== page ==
• Teamwork: All patients belong to the team, not just a single intern. Everyone is expected to know the basic history and active problems of all patients. You should understand and contribute to the management strategies of the team’s patients. You need to focus your full attention on the rounds discussion and contribute to the management of all the patients (no wandering off). You should apply your knowledge of the internet (Pubmed) to investigate potential new therapeutic approaches for your patients, and provide this information during teaching rounds which will occur immediately following work rounds or in the early afternoon.

Other important tasks:

  • Spend time at the bedside: Too often rounds are carried out in the hallway where it is extremely noisy. Most patients enjoy hearing the team discuss their case. This creates increased trust between the team and the patient, and emphasizes transparency. Furthermore, patients often ask questions or provide additional helpful details that can improve their care.
  • Write progress notes: Your progress note should mirror you SOAP presentations (see below). Remember don’t copy and paste, and be sure to include the ideas discussed on work rounds for that day. Always try to summarize the rationale for each diagnostic and therapeutic plan. When possible in your impressions include a differential diagnosis. Ideally break down the possible diseases by probability: 90-70% high probability, 50-30% intermediate probability. 20-10% less likely possibilities.

Work Rounds Protocol (Duration < 5 min)
Remember the attending will have read the notes prior to rounds, therefore you only need to include the key points. (“When in doubt, leave it out.”)
Subjective complaints:
–    List Positive ROS
–    Emphasize complaints relevant to the current problems

Objective findings:
–   Vital Signs
–   Positive physical findings
o    Focus on findings related to the patients active complaints
o    What findings were positive on admission (be sure to include these)
–    Abnormal laboratory findings
o    Usually include CBC, Electrolytes.
o    Results of new diagnostic tests

For Each Active Problem Give:

–   Impressions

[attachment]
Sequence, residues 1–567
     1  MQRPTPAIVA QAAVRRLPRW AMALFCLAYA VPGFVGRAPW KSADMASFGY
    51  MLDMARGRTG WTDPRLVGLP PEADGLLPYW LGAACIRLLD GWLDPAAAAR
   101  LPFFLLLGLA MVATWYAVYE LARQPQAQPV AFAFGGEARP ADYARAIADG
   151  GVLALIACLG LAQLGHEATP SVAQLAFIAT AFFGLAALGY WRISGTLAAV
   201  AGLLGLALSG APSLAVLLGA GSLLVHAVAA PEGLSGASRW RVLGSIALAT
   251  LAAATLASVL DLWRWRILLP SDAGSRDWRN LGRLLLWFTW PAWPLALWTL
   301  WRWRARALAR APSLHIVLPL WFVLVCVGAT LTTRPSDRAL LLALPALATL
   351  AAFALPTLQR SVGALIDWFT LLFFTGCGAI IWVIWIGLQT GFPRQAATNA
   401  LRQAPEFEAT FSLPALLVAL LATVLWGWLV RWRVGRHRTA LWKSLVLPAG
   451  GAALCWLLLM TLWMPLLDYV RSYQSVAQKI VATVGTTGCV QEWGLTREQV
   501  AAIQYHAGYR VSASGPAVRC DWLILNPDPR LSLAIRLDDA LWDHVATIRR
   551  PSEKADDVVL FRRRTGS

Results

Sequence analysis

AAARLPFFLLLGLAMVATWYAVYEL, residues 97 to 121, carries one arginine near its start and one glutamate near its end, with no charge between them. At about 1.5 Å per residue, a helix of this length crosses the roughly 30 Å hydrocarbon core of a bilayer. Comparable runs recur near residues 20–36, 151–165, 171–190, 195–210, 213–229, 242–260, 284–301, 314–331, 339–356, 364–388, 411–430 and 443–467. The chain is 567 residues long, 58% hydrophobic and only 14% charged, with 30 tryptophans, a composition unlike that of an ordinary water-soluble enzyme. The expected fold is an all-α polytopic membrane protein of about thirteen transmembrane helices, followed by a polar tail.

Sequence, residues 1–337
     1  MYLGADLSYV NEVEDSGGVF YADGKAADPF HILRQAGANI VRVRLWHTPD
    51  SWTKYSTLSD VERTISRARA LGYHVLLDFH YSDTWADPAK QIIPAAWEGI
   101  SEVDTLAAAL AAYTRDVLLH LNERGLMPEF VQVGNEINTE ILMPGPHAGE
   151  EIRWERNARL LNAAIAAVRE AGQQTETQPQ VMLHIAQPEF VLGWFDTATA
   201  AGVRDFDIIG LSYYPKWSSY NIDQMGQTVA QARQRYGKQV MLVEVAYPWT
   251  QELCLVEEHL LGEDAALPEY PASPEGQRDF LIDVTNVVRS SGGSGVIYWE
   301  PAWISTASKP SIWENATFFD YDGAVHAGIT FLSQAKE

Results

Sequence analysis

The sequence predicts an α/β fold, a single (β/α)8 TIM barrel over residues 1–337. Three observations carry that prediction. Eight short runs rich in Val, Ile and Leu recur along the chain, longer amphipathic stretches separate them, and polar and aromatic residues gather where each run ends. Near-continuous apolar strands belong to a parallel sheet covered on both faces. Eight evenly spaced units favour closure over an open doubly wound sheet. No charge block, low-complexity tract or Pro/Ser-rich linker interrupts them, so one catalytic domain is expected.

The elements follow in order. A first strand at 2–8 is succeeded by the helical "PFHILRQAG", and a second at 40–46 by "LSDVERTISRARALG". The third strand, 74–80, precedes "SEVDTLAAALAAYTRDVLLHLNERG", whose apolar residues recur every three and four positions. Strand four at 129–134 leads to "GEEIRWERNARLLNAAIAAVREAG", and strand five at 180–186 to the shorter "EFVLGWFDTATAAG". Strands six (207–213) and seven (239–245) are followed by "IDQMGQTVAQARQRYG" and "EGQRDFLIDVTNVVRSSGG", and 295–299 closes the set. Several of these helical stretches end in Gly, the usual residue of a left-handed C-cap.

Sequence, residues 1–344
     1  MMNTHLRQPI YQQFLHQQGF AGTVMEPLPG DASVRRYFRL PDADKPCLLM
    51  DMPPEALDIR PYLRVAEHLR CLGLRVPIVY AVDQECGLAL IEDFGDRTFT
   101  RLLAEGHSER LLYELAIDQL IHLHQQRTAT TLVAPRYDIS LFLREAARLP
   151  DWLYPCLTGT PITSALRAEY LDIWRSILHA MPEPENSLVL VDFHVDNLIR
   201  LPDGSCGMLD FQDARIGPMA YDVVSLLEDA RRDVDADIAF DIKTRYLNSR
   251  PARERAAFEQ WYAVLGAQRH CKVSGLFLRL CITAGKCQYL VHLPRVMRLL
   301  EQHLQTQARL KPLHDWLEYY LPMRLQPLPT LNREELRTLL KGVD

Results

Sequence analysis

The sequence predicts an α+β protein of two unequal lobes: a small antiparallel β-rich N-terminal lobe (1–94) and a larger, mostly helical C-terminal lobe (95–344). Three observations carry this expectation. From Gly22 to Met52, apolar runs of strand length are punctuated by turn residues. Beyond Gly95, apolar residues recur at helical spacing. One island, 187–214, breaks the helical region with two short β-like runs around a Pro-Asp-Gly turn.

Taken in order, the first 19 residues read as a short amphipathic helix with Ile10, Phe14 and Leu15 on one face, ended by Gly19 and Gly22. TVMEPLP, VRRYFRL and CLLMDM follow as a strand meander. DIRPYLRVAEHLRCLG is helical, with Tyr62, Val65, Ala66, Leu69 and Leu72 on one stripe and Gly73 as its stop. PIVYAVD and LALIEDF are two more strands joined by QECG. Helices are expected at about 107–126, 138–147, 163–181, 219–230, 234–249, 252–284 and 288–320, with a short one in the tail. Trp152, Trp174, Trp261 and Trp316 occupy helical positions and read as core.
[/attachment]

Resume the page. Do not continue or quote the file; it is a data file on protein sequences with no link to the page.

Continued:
o    When appropriate give your differential diagnosis
o    Is this problem improving, worsening, or staying the same?
–    Plans
o    Diagnostic

  • List blood tests
  • Radiologic tests
  • Other tests

o    Treatment

  • What medications are you administering for this problem
  • What other modalities are you instituting

Today’s to do list
Potential Discharge Issues

Admission Oral Presentations (Duration < 10 min)
Focus on the key points because the medical attending will have read the admission note prior to rounds.
Always include the Age, sex, race, job of your patient.
Chief Complaint: What brought you into the hospital. Duration of the complaint or complaints
PI: Time line.
Mr L. has suffered with X disease for 10 years, but was doing well until
10 Days PTA x complaint
7 Days PTA additional complaints or symptoms worsenting
Day of admission – x symptom caused him to seek medical attention
ROS both positives and negatives pertinent to the chief complaint
PMH pertinent to the present complaint and do not repeat the facts about PMH already described in the PI
PSH: do not repeat facts about PSH already described in the PI
FH – if not relevant to the PI say noncontributory
SH – habits, where do they live, what job do they have, other epidemiologic facts if pertinent to the PI
Allergies
Medications

PE: Vital Signs Pulse, BP, Resp, Temp
o    HENT
o    Neck
o    Lungs
o    Heart
o    Abdomen
o    Extremities
o    Neuroexam
Laboratory findings
o    CBC
o    Electrolytes
o    U/A
o    CXR
o    EKG
o    Other diagnostic tests

Problem #1 etc
–   Impressions

o    When appropriate give your differential diagnosis
o    Include pathophysiology descriptions here when appropriate
–    Plans
o    Diagnostic

  • List blood tests
  • Radiologic tests
  • Other tests

o    Treatment

  • What medications are you administering for this problem
  • What other modalities are you instituting

–    Potential Discharge Issues